The molar-shaped, port city of Yeosu is halfway along Korea’s steep, island-pocked and deeply indented southern coast. Its bustling city centre is nothing special, but its shoreline, peppered with cliffs, islands and peninsulas, is spectacular. The local hero is Admiral Yi Sun-shin (1545–98), who repelled Japanese invaders with his 'turtle ships'.
Jogyesan Provincial Park
This park revolves around two note- worthy temples, their beauty complemented by the attractive surrounding forest. To the west, 70km from Gwangju,Songgwang-sa is considered one of the three jewels of Korean Buddhism (along with Tongdo-sa and Haein-sa, in Gyeongsangnam-do).
Nagan Folk Village
Among Korea’s many folk villages, Nagan is unique for its setting, surrounded by 1410m of Joseon-period fortress walls, built to protect the inhabitants from marauding Japanese pirates. It’s Korea’s best-preserved fortress town, crammed with narrow, dry-stone alleyways leading to vegetable allotments, and adobe and stone homes thatched with reeds.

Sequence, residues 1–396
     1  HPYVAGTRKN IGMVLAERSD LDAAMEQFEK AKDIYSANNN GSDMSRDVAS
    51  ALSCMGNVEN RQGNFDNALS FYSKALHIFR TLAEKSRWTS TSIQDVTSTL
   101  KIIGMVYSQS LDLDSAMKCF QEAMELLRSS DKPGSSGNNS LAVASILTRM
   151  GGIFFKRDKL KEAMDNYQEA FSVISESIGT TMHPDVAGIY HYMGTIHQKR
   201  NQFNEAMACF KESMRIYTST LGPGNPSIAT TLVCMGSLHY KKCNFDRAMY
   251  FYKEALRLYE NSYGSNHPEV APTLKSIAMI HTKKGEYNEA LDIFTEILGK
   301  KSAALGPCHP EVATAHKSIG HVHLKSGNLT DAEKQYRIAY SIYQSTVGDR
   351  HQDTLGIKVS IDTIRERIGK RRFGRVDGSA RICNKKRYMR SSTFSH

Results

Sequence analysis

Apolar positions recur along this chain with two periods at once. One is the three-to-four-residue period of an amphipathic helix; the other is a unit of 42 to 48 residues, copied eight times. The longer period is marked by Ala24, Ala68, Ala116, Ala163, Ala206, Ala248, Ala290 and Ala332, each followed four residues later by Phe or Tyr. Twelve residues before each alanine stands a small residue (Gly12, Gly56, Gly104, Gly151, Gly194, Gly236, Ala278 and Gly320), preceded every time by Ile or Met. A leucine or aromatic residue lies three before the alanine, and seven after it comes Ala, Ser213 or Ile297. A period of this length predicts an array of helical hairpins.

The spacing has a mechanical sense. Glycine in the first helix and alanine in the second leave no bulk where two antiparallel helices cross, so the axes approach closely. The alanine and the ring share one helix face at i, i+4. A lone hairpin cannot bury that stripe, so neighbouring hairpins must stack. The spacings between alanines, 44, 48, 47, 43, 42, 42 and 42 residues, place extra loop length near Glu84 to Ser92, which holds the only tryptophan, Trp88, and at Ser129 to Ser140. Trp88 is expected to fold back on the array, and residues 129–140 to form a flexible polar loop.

One of the most important ceramic centres in Korea, Gangjin has been associated with celadon (glazed green ceramic) for over 1000 years. Gangjin is specifically known for etched celadon, in which shallow patterns are cut out of the piece while it’s still wet and filled in with special glazes through an inlay process.
Dadohae Haesang National Park
Consisting of more than 1700 islands and islets and divided into eight sections, Dadohae Haesang (Marine Archipelago) National Park occupies much of the coast and coastal waters of Jeollanam-do. Some of the isles support small communities with fishing and tourism income; others are little more than tree-covered rocks.
Korea’s third-largest island (http://jindo.go.kr), south of Mokpo and connected to the mainland by a bridge, boasts some of the world’s largest tides. The island is famous for an unusual natural phenomenon: for a few days each year (usually in spring), the tide drops extremely low, exposing a 2.8km-long, 40m-wide causeway that connects Jindo to the tiny island of Modo-ri.